The Mandalorian Season 3 Finale Ties Up Loose Ends And Sets Up The Future

There will be spoilers for "Star Wars: The Mandalorian" Chapter 24 – The Return. 

The third season finale of "The Mandalorian" ends by tying up so many of the loose threads of the last three seasons, but also brings a new status quo, with a few unanswered questions remaining for future seasons.

The penultimate episode concluded with things looking grim for the Mandalorians who had come back to their home planet to take it back from the Imperials — led by the sinister Moff Gideon (Giancarlo Esposito) — who had been squatting there. Unfortunately, they walked right into a trap and were forced to sacrifice Paz Vizsla. Din Djarin (Pedro Pascal, et al) was captured and Lady Bo-Katan Kryze (Bo-Katan) was on the run, but there was still a glimmer of hope as Axe Woves (Simon Kassianides) was on his way to get reinforcements.

Not missing a beat, this episode followed each of those story threads to its logical conclusion. Bo-Katan and her cadre of warriors trapped on the planet find safety in a secret, covert farm just beneath the surface of Mandalore until reinforcements arrived. Axe Woves made it to through the cloud cover to rally the Mandalorians in the air to support Bo-Katan in attacking Moff Gideon's base. Meanwhile, Din Djarin — with the help of Grogu — manages to escape his captivity and the two of them are led by R5-D4 to Moff Gideon's command center to have a final showdown with him.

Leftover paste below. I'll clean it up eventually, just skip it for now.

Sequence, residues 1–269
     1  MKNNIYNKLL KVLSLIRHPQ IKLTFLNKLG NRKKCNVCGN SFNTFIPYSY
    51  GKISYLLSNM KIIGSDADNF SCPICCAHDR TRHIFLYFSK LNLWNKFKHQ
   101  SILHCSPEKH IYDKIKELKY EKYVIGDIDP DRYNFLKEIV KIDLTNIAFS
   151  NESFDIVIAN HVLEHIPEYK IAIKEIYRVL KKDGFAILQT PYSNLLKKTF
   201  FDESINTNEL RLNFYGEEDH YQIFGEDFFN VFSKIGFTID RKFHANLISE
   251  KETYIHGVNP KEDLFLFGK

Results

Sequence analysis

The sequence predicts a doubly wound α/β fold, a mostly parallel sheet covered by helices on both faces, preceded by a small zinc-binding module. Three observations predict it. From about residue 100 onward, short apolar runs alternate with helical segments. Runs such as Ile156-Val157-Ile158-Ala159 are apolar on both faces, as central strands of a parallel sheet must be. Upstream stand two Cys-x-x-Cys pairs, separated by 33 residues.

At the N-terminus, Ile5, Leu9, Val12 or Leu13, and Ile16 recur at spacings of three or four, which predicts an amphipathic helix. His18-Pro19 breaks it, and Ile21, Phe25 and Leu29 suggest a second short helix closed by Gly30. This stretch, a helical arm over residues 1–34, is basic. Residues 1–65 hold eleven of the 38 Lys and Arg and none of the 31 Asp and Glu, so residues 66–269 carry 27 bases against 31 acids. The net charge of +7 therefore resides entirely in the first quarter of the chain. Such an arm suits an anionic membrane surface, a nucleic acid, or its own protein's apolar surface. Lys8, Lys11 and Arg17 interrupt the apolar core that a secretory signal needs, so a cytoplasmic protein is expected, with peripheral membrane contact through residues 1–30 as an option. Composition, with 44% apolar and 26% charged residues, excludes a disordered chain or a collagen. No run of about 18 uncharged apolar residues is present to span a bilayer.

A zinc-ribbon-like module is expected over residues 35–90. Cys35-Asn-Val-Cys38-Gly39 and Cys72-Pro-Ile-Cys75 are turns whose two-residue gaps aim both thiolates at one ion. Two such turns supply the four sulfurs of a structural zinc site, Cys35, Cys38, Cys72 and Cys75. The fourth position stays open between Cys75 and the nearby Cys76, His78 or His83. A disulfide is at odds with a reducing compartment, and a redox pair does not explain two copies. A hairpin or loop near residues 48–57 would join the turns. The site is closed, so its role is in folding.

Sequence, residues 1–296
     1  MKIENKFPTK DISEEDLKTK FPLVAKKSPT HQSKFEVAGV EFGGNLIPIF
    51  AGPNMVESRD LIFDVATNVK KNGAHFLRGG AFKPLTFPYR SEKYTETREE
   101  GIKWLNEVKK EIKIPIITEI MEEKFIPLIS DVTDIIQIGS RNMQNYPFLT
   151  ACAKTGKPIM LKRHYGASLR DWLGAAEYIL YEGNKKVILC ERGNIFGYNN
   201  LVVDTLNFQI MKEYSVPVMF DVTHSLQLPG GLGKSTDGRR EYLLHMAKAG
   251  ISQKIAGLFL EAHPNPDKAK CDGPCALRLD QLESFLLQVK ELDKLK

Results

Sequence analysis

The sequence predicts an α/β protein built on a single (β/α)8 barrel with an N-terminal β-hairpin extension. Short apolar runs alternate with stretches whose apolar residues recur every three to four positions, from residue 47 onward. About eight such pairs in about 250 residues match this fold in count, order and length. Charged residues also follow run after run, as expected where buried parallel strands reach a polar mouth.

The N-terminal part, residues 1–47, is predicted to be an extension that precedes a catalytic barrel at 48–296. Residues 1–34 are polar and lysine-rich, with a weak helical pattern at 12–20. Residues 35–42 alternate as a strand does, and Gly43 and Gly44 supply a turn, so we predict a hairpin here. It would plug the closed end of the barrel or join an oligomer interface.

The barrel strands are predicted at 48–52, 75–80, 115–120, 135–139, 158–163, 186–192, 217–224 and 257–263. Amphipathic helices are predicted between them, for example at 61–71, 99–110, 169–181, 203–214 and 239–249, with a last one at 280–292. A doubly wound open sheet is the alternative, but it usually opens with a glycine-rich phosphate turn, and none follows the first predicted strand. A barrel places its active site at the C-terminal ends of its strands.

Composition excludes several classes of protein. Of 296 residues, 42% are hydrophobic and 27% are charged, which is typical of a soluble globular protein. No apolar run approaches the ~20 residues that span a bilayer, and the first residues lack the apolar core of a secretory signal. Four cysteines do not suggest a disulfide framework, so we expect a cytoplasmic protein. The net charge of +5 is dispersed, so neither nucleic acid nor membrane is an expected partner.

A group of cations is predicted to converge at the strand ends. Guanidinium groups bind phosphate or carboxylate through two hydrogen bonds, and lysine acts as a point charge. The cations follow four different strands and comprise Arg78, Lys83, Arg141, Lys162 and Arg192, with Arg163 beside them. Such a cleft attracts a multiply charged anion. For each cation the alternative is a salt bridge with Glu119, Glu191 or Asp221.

On the way to that confrontation, Grogu and Din Djarin discover that the mysterious cloning tubes are full of Moff Gideon clones. Knowing they would be a threat, Din Djarin destroys the clones, angering Moff Gideon as they begin their fight. Din Djarin is no match for Moff Gideon and his Praetorian Guards, but Grogu arrives to help. And so does Bo-Katan.

As Grogu and Mando take out the Praetorians, Bo-Katan faces her nemesis.

In the sky, Axe Woves aims the crashing Mandalorian cruiser right at the base.

Mandalorians and Imperials flee the crashing ship, Din Djarin and Bo-Katan huddle together as Grogu uses the Force to protect them from the explosion, and Moff Gideon is consumed by fire. Mandalore is once again free and the Imperial Remnant has been thwarted.

Din Djarin officially adopts Grogu and, as Bo-Katan and the Armorer work together to remake Mandalore, the pair of them put down roots on Nevarro, aiming to go on adventures to train Grogu in the ways of Mandalorians.

Force-sensitive clones

Moff Gideon's grand plan was finally revealed in full in this episode, showing that he wanted a cloned army of Force-sensitive warriors with which to rule the galaxy. The biggest revelation was that these clones were clones of him. Force-sensitive clones were a great difficulty to the Kaminoans, and this research really feels like it started on Kamino and through the work of Dr. Royce Hemlock, which is what we're seeing play out currently on the underrated animated show "Star Wars: The Bad Batch."

We know where this is all heading, though. Snoke and Palpatine are the ultimate culminations of this technology, but it could also have a lot of ramifications for the future of storytelling in the universe of "The Mandalorian" and its timeline.